We wandered off to Nikko, approx 2/3 hours from Nikko and we already had the feeling we were far from everything, in the Japanese Alps. This natural scenery is also home of some of the most beautiful temples, recognized by the UNESCO, notably the Tosho-gu sanctuary.
Nikko, not easy to get there!
Nikko, the mountain very near Tokyo! A small city 150 kms from Tokyo, it worth getting there to see the exceptionnal natural surroundings, as well as its UNESCO recognized temples, five main sanctuaries, Toshogu, Rinno-ji (Taiyuin and Sanbutsudo), Kanmangafuchi, Futarasan.
In order to go to Nikko from Tokyo, take your JR pass with you and after around one hour of subway you will be able to take an omnibus for Utsunomiya (45 minutes). Be careful to book well in advance your accommodation if you intend to stay there overnight, there is no vacancy quickly! Those with a private onsen are the most looked for. Most people will only spend one day here from Tokyo but 2/3 days over there allow you to get off the beaten tracks and experience the peaceful atmosphere of these quiet and amazing landscapes as much as you want.
Finally arrived! Trains are not regular and sometimes slow and not always easy to find the correct ones from Tokyo center.
The shinto sanctuaries
Obviously Tosho-gu is the place to see in Nikko. We assisted to a shinto ceremony late afternoon as well, the site is lively. Easily accessible by bus (everything is explained at the train station, what are the options depending how long you stay in Nikko and where you want to go). You won’t be the only ones, but looking at these sanctuaries lost in the middle of pines is someway captivating.
Can be bloody cold in winter, be prepared!
Climb the mountains
If you intend to stay more than one day, the best thing is to take the bus pass to go up to the mountains, where it is almost always snowy near the Chuzenji lake. However it is not the best spot if you want to go skiing obviously, too close to Tokyo, better go to the Japanese Alps, the Nagano region (where we didn’t go due to a lack of time).
The Chuzenji lake
The walk around the lake (or with a duck paddle boat, very kitch!) is nice. However we went there winter time and the place is a bit vintage with 60s, 70s style looking shops and restaurants, quite funny! It’s like that place hasn’t changed for the past thirty years 🙂 The tourists prefer to stay in the Nikko valley rather than going up to the mountains, near the lakes and the snow as it is impossible to do both the lakes and the Tosho-gu sanctuary with the same day (or only running!). The place is quieter and it is not bad, as people who want to go skiing to Japan definitely don’t go to Nikko. To conclude, this walk around Nikko mountains is a good relief and you can breath fresh air and experience loneliness, which can be enjoyable when you have spent days in Tokyo before!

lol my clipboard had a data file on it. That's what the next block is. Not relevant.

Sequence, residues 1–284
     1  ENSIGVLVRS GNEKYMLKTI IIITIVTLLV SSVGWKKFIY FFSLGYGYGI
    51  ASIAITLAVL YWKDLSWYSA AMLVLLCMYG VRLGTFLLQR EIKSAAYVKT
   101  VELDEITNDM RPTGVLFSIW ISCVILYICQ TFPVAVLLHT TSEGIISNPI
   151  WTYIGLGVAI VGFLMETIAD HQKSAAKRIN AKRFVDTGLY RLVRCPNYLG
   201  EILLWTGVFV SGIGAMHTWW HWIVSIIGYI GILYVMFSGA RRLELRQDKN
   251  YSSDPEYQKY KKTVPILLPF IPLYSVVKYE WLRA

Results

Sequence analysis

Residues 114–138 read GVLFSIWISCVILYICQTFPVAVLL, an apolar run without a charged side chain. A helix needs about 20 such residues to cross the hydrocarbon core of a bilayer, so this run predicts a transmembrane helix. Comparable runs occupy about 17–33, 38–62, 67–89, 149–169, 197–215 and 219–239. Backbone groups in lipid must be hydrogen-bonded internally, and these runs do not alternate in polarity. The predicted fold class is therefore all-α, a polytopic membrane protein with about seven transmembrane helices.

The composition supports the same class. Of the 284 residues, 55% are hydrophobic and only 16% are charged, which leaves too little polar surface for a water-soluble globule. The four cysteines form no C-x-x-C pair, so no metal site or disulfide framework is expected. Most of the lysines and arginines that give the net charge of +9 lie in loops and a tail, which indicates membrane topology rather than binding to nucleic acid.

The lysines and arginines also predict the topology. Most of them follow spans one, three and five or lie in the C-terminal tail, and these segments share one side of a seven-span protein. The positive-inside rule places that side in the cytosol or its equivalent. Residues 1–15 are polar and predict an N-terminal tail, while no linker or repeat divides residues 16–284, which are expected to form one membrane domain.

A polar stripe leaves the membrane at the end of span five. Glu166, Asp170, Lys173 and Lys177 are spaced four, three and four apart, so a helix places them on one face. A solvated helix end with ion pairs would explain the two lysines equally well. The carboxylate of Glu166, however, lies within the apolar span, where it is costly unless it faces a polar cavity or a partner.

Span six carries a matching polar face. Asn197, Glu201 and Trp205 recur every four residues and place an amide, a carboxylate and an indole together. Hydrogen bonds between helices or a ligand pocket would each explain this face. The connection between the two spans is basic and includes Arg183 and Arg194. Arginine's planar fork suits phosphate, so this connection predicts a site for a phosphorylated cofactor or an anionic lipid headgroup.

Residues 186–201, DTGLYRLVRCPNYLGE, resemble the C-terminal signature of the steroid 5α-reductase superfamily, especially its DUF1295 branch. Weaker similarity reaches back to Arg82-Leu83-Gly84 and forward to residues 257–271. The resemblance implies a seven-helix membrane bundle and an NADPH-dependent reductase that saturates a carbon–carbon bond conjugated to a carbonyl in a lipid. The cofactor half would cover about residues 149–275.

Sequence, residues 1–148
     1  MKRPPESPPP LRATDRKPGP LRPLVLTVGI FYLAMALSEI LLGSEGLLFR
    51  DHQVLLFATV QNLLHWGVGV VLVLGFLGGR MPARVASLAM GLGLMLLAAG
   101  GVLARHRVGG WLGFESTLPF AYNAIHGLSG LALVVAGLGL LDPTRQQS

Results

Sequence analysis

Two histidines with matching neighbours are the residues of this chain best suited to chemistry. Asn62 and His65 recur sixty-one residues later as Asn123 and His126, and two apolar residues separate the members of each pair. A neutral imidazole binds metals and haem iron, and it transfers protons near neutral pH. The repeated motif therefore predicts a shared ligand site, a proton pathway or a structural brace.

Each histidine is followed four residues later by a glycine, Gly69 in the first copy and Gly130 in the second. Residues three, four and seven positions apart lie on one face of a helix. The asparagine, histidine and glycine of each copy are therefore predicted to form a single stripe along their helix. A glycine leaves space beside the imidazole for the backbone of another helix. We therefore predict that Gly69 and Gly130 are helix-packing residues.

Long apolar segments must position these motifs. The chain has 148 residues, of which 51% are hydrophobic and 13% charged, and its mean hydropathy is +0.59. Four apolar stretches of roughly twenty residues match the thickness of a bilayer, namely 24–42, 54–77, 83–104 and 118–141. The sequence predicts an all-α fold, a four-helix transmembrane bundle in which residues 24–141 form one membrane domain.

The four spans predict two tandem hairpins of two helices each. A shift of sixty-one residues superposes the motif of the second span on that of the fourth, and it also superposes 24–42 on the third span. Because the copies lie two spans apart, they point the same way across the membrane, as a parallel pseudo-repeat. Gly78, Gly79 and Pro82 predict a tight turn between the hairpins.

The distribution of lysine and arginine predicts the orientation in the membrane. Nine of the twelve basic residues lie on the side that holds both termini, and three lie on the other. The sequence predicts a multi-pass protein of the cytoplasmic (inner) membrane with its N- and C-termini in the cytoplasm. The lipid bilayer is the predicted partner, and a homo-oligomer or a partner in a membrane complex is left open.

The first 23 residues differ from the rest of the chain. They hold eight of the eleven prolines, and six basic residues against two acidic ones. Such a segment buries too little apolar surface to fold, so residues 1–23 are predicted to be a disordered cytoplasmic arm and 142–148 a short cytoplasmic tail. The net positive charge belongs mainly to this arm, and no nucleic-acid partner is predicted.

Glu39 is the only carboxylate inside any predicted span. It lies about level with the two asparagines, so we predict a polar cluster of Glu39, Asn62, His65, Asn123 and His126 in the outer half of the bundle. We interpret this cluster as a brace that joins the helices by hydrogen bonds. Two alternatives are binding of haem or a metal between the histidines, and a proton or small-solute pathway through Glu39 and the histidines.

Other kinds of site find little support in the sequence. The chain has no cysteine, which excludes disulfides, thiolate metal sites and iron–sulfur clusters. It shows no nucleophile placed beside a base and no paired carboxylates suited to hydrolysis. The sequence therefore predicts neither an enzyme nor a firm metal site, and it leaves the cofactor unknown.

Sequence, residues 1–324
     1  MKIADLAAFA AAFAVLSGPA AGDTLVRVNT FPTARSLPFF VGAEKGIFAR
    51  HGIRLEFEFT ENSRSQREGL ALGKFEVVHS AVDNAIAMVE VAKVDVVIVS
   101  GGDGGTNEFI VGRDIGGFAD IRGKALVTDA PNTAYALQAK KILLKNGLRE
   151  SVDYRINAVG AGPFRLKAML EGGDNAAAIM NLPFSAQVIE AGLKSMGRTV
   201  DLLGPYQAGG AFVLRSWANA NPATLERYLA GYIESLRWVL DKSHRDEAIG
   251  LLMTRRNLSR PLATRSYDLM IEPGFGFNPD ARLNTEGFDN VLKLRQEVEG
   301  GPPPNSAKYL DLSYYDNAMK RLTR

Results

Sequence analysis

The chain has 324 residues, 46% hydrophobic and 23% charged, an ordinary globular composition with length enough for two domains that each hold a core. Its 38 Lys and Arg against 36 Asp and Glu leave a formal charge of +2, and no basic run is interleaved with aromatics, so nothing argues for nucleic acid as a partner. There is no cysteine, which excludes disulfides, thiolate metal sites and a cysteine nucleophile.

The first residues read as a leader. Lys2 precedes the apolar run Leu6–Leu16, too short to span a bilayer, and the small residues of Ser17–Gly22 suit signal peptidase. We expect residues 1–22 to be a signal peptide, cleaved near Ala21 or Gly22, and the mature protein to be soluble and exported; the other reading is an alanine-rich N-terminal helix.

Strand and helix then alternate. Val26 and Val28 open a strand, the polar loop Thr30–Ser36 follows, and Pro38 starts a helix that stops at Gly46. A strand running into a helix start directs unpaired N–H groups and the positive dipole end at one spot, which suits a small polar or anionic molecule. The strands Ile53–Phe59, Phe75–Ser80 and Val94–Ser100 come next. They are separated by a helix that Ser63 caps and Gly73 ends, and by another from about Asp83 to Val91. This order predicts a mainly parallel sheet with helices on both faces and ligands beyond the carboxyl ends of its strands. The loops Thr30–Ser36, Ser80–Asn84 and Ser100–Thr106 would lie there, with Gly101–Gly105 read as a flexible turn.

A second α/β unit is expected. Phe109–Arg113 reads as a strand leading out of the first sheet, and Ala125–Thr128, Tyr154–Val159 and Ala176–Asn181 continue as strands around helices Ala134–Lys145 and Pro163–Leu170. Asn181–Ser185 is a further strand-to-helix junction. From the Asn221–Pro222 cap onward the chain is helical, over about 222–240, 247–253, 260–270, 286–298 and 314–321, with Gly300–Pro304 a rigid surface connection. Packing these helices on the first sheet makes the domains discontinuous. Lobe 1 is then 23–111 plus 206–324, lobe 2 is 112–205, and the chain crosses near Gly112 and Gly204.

A good day out!
A very intense geological region
If you go up again and again, you will reach the hot springs. It is not possible to have a bath of course as the water is directly leaving the land mixed with suffer (therefore the strong and unpleasant smell), similar to Rotorua in New-Zealand (but much smaller!). The scenery is amazing, you are surrounded by mountains, a bit far away but is is worth getting there. A good recovery in the onsen of your hotel (many hotels of the region have their own onsen, carefully check online) will more than enjoyable after this big day out!
Inside our guesthouse, watching tv while having the bath and traditional Japanese futons
As a conclusion, Nikko is one of the best option to get out of the buzzing Tokyo, as you feel you are completely one sometimes, in the (not so remote) countryside or mountain.
Where did we sleep?
- Nikko Suginamiki Youth Hostel: We slept there as it was the only accomodation left in Nikko but impossible to recommend this place, a children’s adventure holiday hotel, like a summer camp (but we were there in winter…) As the offerings for decent hotels is more than limited in Nikko (most of the tourists go only there for a long day trip from Tokyo), and with no vacancy anymore, we chose this hotel, lost in the middle of nowhere for our stay in Nikko. Clean but a bit seedy, with a 60’s decoration and faded paintings. And to get to the city of Nikko, we needed to ask the owner drive us back and forth to the train station (train takes 30 mns to get to Nikko center), with no common transport in the village (with a very limited communication, as he didn’t speak english very well!). To conclude, don’t go there until you have your own car.